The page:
Dench’s Alice Meets Peter Pan in ‘Skyfall’ Writer’s Play

When Alice in Wonderland met Peter Pan she was a cantankerous old lady and he a gloomy dipsomaniac.

The play “Peter and Alice” by John Logan, now at London’s Noel Coward Theatre, is based on this real encounter in 1932 between 80 year-old Alice Liddell Hargreaves (Judi Dench) and 35 year-old Peter Llewelyn Davies (Ben Whishaw).

Hargreaves had inspired Lewis Carroll’s famous children’s books. Davies had been one of the sources of J. M. Barrie’s Peter Pan. Their lives were constantly shadowed by fictional versions of themselves. It was the meeting of two myths.

Logan (“Skyfall”) opens his story in a musty office. Hargreaves walks with a stick, and says words like “presumptuous” with hauteur. Davies is a shambolic literary type, bearded and gangly.

Suddenly the office morphs into a fantastical Victorian toy theater with stylized props. When Lewis Carroll (Nicholas Farrell) appears, Hargreaves loses her limp and skips like a schoolgirl.

J.M. Barrie (Derek Riddell) turns up and Davies behaves like a boy with him. The two main protagonists then switch in and out of being children, commenting upon their complicated relationships with the authors.

Peter Pan (Olly Alexander) arrives on a flying harness and the book-version of Alice (Ruby Bentall) pops up through a trap door. They comment on everything too.

That’s a heck of a lot of commentary. In fact there’s so much narration that there’s no room for a plot or conflict.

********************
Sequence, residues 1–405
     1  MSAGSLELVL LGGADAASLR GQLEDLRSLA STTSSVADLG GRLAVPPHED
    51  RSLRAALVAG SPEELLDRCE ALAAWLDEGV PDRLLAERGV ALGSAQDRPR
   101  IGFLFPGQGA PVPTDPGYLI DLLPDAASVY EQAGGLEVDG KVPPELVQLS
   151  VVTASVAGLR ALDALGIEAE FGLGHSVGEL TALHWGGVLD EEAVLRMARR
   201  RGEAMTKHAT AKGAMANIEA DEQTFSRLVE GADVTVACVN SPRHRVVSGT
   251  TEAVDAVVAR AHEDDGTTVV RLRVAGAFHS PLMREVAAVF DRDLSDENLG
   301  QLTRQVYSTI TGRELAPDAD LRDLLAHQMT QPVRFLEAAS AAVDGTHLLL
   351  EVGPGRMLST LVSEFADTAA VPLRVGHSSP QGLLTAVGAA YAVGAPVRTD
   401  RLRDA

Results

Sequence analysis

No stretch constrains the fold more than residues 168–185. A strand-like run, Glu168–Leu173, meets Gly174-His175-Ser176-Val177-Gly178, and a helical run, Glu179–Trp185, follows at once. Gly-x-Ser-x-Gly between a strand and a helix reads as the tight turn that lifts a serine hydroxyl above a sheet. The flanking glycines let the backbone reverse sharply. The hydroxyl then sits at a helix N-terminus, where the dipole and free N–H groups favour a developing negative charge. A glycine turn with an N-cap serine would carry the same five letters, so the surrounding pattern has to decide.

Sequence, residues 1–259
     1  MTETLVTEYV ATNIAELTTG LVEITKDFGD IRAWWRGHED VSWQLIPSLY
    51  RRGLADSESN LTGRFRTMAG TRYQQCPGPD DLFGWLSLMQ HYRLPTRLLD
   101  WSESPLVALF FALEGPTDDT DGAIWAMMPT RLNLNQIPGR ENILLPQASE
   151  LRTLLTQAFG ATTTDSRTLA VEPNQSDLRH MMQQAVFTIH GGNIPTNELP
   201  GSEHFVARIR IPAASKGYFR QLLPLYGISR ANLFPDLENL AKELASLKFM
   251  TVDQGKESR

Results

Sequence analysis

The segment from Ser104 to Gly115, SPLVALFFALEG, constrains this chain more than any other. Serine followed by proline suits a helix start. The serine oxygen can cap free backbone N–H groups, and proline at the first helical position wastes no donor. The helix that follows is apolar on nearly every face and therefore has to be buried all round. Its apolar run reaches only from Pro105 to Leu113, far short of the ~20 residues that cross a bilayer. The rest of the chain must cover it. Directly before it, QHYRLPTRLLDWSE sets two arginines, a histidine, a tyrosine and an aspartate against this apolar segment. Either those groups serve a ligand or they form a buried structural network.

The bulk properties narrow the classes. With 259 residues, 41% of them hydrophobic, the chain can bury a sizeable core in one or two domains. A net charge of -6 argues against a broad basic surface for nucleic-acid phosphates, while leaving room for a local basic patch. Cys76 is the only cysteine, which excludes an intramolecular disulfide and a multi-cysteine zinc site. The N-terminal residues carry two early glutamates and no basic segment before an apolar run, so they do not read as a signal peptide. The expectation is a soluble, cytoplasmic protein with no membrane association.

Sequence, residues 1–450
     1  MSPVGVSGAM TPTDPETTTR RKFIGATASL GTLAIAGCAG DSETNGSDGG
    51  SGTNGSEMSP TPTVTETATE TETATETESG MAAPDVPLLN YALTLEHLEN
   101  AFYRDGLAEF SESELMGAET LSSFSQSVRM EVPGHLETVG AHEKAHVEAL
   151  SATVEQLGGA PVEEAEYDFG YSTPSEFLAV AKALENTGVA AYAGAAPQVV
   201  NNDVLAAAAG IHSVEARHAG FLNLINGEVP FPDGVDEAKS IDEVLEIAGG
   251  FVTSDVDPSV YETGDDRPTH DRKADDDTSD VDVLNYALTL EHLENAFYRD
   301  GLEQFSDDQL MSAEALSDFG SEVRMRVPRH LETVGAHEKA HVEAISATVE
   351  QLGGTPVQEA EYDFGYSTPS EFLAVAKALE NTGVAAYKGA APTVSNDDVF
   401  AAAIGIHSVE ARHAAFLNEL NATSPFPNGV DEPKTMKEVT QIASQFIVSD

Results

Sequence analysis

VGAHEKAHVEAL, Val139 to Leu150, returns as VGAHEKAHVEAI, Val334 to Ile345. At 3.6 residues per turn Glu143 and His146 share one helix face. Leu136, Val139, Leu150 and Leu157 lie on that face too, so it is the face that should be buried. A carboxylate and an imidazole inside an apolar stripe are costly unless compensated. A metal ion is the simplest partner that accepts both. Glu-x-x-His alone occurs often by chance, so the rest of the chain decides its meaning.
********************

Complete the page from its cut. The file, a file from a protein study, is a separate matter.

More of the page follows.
Wonderful Dench

Yet the ability of Dench and Whishaw to change from children to adults is so compelling that their talents draw you in.

There’s nothing twee when Dench becomes a little girl; you can see the seeds of the older bossy matriarch in her. Whishaw is a painfully vulnerable boy, until Barrie brings him out of himself with adventure stories and laughter.

Michael Grandage directs the 90-minute show with customary fluidity, and Christopher Oram’s toy-theater set is charming. It makes the evening pleasant; it doesn’t make Logan’s play a masterpiece. Rating: ***.

‘Winslow Boy’

Terence Rattigan’s 1946 hit “The Winslow Boy,” based on a real Edwardian legal battle, gets a reliably entertaining new production at the Old Vic.

When 13-year-old Ronnie Winslow (Charlie Rowe) is expelled from naval college after being accused of theft, his father (Henry Goodman) vows to clear his name.

He hires the celebrated barrister Robert Morton (Peter Sullivan) and the case goes all the way to the high court.

Rattigan’s play takes a while to get going (Anthony Asquith’s superb 1948 movie of the play contains much sensible trimming), and the early scenes of family life meander.

Once the volatile and arrogant Sir Robert appears, the battle for justice begins to spark with life.

It’s the sort of play in which people talk in perfectly constructed speeches. If director Lindsay Posner does nothing very original with it, he still ensures that it works its well-crafted magic, and draws fine performances from Sullivan and Goodman. Rating: ***.

“Peter and Alice” is at the Noel Coward Theatre. http://www.michaelgrandagecompany.com or +44-844-482-5138

“The Winslow Boy” is at the Old Vic. http://www.oldvictheatre.com or +44-844-871-7628

What the Stars Mean:
*****      Excellent
****       Very good
***        Average
**         Mediocre
*          Poor
(No stars) Worthless

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(Warwick Thompson is a critic for Muse, the arts and leisure section of Bloomberg News. The opinions expressed are his own.)

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